Is there a word for "one word", like monosyllabic means "one syllable"?
Where can I see numbered diagrams for handwriting each Cyrillic letter?
Looking for movie recommendations that feature French scenes, spoken French is good too. [more inside]
What are some examples of really easy/obvious etymological descents that most people aren't really aware of? I'm trying to prove to somebody that there are a lot of these in the english language but I've forgotten most of the interesting ones I used to know. [more inside]
Trying to think of idioms / phrases that relate to body language, rather than just body parts. One example could be "to raise eyebrows". There must be others, but the web mostly came up with things like "in one ear and out the other", which isn't quite what I wanted. Suggestions appreciated.
Poetry question: Do you think Adrienne Rich's "November 1968" is literally about burning leaves? Does she intend that month and year to mean something to the reader? Any other thoughts? [more inside]
Is there a word that means to corroborate a lie? For example if one person says the sky is green and then another person confirms that they sky is green. Or is there a legal term for this as well in the sense of lying about statutes?
What is the name and/or origin of the meme where intensifers/adverbs are placed before nouns? [more inside]
What percentage of English words have three syllables?
Whats a good group noun to replace guys? [more inside]
I'm looking for Hindi books that progressively increase in difficulty. I'm a Hindi speaker that learned from my parents conversationally, but I have no grasp of the Devanagari script. I thought I could teach myself the script by rote, then work my way up through books of increasing difficulty similar to how I have read books in grade school in the USA. [more inside]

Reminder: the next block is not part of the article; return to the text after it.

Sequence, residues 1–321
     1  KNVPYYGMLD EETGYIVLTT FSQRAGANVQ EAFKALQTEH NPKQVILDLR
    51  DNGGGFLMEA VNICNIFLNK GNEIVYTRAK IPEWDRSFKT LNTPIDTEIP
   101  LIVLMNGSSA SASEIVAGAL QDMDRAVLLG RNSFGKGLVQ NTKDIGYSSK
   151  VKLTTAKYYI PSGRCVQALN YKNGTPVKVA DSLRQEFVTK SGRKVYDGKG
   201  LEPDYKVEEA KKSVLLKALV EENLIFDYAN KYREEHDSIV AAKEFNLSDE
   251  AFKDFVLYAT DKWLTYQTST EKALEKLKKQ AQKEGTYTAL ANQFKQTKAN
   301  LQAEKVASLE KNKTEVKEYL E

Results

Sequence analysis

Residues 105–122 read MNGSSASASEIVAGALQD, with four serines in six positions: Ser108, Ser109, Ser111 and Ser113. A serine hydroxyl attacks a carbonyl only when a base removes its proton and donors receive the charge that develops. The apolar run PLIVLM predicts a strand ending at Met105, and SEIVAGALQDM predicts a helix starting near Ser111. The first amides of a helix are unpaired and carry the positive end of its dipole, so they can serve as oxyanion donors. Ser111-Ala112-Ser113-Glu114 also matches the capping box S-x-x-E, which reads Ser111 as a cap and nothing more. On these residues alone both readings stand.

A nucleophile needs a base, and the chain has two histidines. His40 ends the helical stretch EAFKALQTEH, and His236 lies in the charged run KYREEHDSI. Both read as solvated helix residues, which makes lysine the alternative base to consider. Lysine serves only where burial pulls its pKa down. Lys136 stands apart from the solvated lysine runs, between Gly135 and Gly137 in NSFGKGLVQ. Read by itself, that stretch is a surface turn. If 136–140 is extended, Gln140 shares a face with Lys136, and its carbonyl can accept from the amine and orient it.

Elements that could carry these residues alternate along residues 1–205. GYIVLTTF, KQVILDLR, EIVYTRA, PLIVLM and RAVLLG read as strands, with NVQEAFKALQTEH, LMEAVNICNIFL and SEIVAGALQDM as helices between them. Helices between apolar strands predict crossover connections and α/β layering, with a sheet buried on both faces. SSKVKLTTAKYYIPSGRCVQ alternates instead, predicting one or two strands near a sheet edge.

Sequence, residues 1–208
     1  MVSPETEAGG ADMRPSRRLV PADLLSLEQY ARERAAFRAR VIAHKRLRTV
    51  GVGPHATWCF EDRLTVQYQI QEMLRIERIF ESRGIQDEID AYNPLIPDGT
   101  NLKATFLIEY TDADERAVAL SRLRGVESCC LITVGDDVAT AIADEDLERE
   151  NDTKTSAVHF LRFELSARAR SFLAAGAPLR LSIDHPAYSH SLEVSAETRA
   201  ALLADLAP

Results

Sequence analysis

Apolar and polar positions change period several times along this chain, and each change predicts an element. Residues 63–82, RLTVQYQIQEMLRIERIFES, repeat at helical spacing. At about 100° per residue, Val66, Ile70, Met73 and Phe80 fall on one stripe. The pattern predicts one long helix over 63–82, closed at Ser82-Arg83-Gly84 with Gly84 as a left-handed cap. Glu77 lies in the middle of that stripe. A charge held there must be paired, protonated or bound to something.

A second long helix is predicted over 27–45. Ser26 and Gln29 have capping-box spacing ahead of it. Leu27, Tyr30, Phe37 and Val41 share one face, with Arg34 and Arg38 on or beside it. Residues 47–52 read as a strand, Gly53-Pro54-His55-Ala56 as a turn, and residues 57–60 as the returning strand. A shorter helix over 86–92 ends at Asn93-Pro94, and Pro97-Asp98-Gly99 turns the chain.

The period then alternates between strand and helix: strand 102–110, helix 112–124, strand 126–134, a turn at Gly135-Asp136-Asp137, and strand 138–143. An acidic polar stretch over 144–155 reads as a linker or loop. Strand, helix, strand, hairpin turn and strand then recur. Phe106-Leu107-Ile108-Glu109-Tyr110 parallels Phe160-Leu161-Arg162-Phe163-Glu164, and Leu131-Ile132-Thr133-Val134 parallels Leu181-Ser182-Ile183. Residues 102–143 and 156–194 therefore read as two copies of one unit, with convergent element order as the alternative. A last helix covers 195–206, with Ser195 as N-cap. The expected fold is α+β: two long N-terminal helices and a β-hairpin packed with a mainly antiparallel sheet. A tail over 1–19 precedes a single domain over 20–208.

Recent job opportunity came up, and I have the chance to write semi-professionally for a small company. Think in the vein of writing movie reviews or reviewing software. Its professional writing, but there will be conceptual and thematic details involved, it's not simply writing staid copy. I would like to find a book that helps me hone my prose, and will teach me how to better edit and improve my work. [more inside]
Please help. I work for a language school that teaches Mandarin Chinese to foreigners inside China. We specialize in one month intensive teaching for beginners. We want to increase our social media presence and have some (even though we do say so ourselves) excellent stand alone ideas to do this. They are educational free formats that allow people to study Chinese online in creative ways. We don't know the best way to present them though. Should they be 'onsite' options through our main webpage,or would they be better served as stand alone entities with their own page and an affiliation to our main company website? Any thoughts and shared best practice would be greatly appreciated.
Charles Babbage was a prominent member of the Analytical Society, and was at the very least intimately familiar with Leibniz's formulation of calculus. But did he ever read Leibniz's writings on logic? Did the Ars Combinatoria, or any of his writings on the "universal characteristic" or "calculus ratiocinator" influence Babbage's thinking about computation?
What is the word (if any, apparently) for the misuse of a nonprofit's funds for personal uses? [more inside]
Is there a word to describe the idea that something that has proven its value for a long time (for example the music of Mozart) is likely to endure into the future? I remember reading something to this effect in Nassim Nicholas Taleb's Antifragile, but my a search of the index and my google fu fail me. TIA
Czech speakers: are these 3 lines sensible to you? (They don't have to be perfect or poetic; I just wanted to make sure they're understandable.) They're google's Czech translation of an ancient Latin text. [more inside]